Recently, after a speech defending the traditional view of marriage as being between man and woman, Ryan T. Anderson took questions from the audience on the issue. A homosexual man stood up and asked why Anderson thought it was acceptable to “discriminate” against him and his “partner” by not granting them the legal right to marry. The question was posed under the guise of the federal income tax code. The homosexual man wanted the right to file his taxes “jointly” with his “husband” and thus receive the same potential tax break as a heterosexual married couple that files jointly. (Scroll to the bottom of this article to see the video).
As a Christian, as a Pastor, and as a Logic teacher I appreciated the way Anderson answered the question. Let me explain what I mean, from all three perspectives. First of all, from the standpoint of logic.
Anderson employs two different logical tools in his argument. First he points out the potential fallacy of “special pleading” that the homosexual man is engaging in. The man wants to re-define marriage to benefit himself and his partner. Anderson asks him, if he would also like to extend marital benefits to the “throuple” (group of 3) or the “heterosexual quartet.” Or does he only want to re-define marriage to the extent that it benefits him and go no further than that? The homosexual man has no answer for this and was clearly unprepared for Anderson's line of argumentation. Of course if the homosexual had stated the obvious, that “throuples” and “quartets” are not really “marriages” then he would have also refuted his own argument. Homosexual couples are not “marriages” either. If, on the other hand, the homosexual had embraced the absurd argument Anderson was presenting and said in essence, “Sure, let's grant throuples and quartets the legal right of marriage!” Then he would have been exposed as one who basically wants to do away with marriage all together. This is the very point that Anderson fleshes out in his answer. He tells the man that it doesn't sound like he is really interested in marriage at all. But rather is interested in abolishing marriage all together.
Again, from the standpoint of logic, Anderson presents what is known as a “Reductio Ad Absurdum” (Reduction to Absurdity) argument when he asks about granting marriage rights to “throuples” and “quartets.” Actually, you could press the absurdity beyond that. What about those who desire to enter a marriage relationship with their pets? What about pedophiles who would desire a relationship with children? Truly when you seek to redefine anything in accordance with your own desires, the absurdity knows no bounds.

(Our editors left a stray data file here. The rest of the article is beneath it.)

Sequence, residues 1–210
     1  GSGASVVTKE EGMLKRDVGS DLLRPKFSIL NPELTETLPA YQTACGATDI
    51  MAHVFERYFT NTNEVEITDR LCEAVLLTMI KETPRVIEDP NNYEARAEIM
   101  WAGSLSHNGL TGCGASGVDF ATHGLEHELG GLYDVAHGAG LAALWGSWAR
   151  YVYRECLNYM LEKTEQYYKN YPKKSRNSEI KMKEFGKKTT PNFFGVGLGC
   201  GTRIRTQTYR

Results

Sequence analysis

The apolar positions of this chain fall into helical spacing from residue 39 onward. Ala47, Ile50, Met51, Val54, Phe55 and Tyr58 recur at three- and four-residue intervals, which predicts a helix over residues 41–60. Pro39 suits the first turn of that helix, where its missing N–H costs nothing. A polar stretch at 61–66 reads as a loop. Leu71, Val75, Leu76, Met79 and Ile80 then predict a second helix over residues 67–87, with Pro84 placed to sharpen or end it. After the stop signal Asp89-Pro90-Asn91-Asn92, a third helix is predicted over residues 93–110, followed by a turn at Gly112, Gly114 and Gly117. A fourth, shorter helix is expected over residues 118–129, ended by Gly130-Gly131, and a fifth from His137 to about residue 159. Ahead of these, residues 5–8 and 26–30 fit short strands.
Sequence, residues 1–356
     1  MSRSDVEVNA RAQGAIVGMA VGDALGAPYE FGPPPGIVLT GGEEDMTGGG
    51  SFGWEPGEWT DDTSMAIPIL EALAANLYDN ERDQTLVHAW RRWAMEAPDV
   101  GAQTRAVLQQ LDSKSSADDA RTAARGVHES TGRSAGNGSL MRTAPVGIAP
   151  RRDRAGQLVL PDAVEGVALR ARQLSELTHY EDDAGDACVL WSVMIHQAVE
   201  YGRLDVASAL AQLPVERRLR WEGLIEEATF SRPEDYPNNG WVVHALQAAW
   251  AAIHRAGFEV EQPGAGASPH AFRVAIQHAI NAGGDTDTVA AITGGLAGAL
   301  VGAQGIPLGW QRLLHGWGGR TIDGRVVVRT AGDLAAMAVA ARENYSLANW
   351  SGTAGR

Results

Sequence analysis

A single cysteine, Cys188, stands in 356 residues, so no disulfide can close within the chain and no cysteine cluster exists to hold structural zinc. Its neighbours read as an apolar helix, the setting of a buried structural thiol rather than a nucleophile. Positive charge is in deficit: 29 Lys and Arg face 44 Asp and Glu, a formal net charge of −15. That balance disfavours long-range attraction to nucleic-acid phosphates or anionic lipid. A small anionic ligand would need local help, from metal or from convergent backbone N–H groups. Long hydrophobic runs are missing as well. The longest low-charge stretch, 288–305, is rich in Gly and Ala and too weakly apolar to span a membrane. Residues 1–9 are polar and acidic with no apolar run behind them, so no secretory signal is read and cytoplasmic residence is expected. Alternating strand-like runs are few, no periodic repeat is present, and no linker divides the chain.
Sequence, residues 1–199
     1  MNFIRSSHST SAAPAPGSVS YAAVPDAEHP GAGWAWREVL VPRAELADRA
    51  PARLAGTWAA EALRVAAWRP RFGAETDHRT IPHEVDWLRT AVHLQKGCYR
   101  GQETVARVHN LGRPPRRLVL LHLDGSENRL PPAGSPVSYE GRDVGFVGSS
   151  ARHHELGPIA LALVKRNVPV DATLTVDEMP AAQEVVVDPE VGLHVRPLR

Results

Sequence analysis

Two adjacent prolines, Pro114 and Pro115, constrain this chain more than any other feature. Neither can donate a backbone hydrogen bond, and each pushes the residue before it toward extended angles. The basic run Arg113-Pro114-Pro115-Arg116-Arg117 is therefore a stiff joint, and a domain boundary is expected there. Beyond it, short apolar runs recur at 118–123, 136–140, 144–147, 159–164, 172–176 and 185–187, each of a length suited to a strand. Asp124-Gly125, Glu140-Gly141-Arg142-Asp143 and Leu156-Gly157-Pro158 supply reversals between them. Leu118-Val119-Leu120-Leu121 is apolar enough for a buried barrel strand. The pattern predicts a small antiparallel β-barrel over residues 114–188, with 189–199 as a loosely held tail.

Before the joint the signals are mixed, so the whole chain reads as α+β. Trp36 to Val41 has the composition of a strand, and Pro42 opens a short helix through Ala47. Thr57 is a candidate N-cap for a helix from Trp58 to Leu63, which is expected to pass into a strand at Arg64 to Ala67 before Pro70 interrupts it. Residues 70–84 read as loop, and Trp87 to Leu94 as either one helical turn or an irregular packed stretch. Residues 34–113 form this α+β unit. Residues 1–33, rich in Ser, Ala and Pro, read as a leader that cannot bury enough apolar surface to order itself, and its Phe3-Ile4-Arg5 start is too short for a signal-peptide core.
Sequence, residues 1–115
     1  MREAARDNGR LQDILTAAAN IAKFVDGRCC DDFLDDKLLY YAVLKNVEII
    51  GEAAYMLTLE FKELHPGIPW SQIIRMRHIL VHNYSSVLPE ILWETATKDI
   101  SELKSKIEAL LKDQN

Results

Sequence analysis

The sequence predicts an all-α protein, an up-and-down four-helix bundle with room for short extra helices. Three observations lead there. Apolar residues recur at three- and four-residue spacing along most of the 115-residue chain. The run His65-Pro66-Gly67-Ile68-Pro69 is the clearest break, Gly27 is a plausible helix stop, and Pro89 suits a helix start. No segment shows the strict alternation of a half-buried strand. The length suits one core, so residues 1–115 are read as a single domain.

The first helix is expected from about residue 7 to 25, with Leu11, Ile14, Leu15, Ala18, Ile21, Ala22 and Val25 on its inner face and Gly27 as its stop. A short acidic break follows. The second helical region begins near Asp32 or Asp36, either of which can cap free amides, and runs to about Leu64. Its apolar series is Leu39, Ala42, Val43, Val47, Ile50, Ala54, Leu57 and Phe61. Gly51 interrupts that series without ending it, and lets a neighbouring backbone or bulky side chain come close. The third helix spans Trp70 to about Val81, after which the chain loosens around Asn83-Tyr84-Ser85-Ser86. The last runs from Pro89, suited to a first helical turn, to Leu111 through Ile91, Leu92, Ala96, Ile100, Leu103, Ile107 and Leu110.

What is exhibited in this exchange is one man (Anderson) using simple rules of logic to prove a point; and another man (the homosexual) resorting to left-wing, talking point cliches. He continues to throw out words like “discrimination” and “civil rights” and “minority” rather than answer Anderson's counter questions. The reason for this, of course, is that he has no answer.
Anderson's conclusion and ultimate answer for the man as to why he is “discriminated” against is that he is not discriminated against at all. He should be legally allowed to marry..... a woman. Because that's what “marriage” is. The true issue at stake here, as Anderson points out, is that this man isn't really interested in marriage at all. He is interested in a homosexual, romantic relationship with another man. Call that whatever you will; but it isn't “marriage.” Because “marriage” involves two “complementary” parties. Male and female. Husband and wife. And potentially at least, father and mother. And therein lies one of the greatest arguments against so-called “gay marriage.” Regardless of one's religious views (or total lack thereof), nature itself cries out against the same-sex relationship in the complete inability, even theoretically, for two members of the same sex to reproduce. Even an atheist would be forced to admit, based on nature itself, that if homosexuality were normal, then society would soon cease to exist because no reproduction would take place.
This leads to my second reason for appreciating Anderson's argument. I appreciate it from a Christian perspective. While myriads of bizarre beliefs get pawned off as “Christian” these days; the Bible is clear on homosexuality. The fact that it is sinful in the eyes of God. The fact that it is clear evidence of human depravity. And the fact that it will lead to the Lord's judgment. The first chapter of Romans says: “For this reason God gave them over to degrading passions; for their women exchanged the natural function for that which is unnatural, and in the same way also the men abandoned the natural function of the woman and burned in their desire toward one another, men with men committing indecent acts and receiving in their own persons the due penalty of their error.” (Romans 1:26-27 NASB) The sinfulness of homosexual behavior is clear in Scripture. Of course the sinfulness of all sexual behavior outside the context of monogamous, heterosexual marriage is clear as well. The Greek word used in the New Testament that we commonly translate as “immorality” or “sexual immorality” is the word “porneia” from whence comes the English word “pornography.” It is a term to describe sexual sin in general, both homosexual and heterosexual in nature.